Yesterday was another landmark day in Oregon cannabis. Early sales of recreational marijuana commenced (at 12:01 a.m., in many places) and reports from around the state were positive. In most places, recreational pot was selling for between $10 to $20 per gram, depending on strain and quantity sold.
Much of the news in the weeks leading up to early sales centered on how cities and counties would manage the roll out, whether by adopting new zoning rules, adopting time, place and manner restrictions, or by opting out of early sales all together. We saw a little of everything.
Portland, the city with 148 licensed medical marijuana dispensaries, made a mess of it. Portland set forth draft rules requiring city licensure for all local dispensaries, which is well and good, except that the rules were badly written on a couple of key issues and re-drafted and then re-drafted again at the 11th hour, again badly. It was gruesome and hard to look away.
At one point, the city threatened to fine dispensaries for participating in early sales before 7 a.m., or after 9 p.m., yet the City had not yet even drafted applications for these dispensaries to sell any marijuana, at all. Then, the city backtracked on its threats, focusing on the fact that its rules imperiled the eventual viability of existing dispensaries. The City ultimately decided to hold its nose and pass the bad rules, take applications in December, and probably change the rules again in 2015. It was a bad hour for a jurisdiction that had shown leadership on marijuana over the past few years, and the City should be seriously questioning whether the Office of Neighborhood Involvement is competent to work in this space.
Elsewhere, things were better. Some cities, which had enacted restrictive marijuana zoning laws in the past, elected to do nothing and simply watch early sales play out. The City of Hillsboro was one such locale. The fact that Hillsboro’s restrictive zoning has resulted in only three licensed dispensaries to date in a well populated jurisdiction was likely a boon for each of those dispensaries today, which were able to sell recreationally with little competition.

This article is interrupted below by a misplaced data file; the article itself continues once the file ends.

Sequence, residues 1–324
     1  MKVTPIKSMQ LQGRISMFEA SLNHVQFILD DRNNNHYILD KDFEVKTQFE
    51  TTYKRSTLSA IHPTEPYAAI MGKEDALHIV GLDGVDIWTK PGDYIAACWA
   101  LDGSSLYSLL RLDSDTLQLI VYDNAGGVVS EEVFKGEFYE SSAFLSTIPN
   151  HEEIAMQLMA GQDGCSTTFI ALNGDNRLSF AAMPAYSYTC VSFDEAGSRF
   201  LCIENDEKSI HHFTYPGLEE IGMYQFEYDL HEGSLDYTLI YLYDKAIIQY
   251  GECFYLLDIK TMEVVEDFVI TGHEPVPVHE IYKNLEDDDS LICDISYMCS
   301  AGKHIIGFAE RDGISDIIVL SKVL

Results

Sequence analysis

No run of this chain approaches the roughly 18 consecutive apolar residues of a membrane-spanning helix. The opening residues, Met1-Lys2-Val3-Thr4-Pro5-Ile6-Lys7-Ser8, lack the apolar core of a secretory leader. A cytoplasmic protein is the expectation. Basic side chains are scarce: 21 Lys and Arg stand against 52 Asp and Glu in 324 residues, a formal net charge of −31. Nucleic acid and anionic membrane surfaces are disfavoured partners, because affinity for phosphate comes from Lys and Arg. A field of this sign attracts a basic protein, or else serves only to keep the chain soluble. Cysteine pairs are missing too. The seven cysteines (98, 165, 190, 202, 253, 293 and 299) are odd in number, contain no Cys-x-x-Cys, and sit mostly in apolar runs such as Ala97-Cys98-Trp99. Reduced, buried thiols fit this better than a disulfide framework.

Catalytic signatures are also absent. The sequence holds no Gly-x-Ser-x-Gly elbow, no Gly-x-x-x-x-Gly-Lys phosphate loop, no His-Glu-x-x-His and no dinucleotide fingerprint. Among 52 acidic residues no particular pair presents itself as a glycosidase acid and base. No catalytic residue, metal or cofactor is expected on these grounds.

Downstate, at least 28 Lane County dispensaries began selling recreational marijuana today, including 15 in Eugene, six in Springfield, four in Cottage Grove and one each in Florence, Oakridge and Veneta. Reports of sales were brisk. East of the Cascades, things were slow as usual. Of the 286 licensed medical marijuana dispensaries in the state, only 30 are east of the Cascades, and 16 of those are in Bend. The City of Bend did not ban early sales, but almost all of eastern Oregon has opted out of recreational marijuana sales entirely.
As we have written, early sales are especially great for Oregon dispensaries and residents alike, as all transactions are tax free until January 4, 2016. At that point, a 25% sales tax will ensue and run through the end of the temporary sales program, which is December 31, 2016. By then, the Oregon Liquor Control Commission (OLCC) will have issued licenses for recreational dispensaries, and those sales will also be underway (taxed between 17% and 20% under House Bill 2041).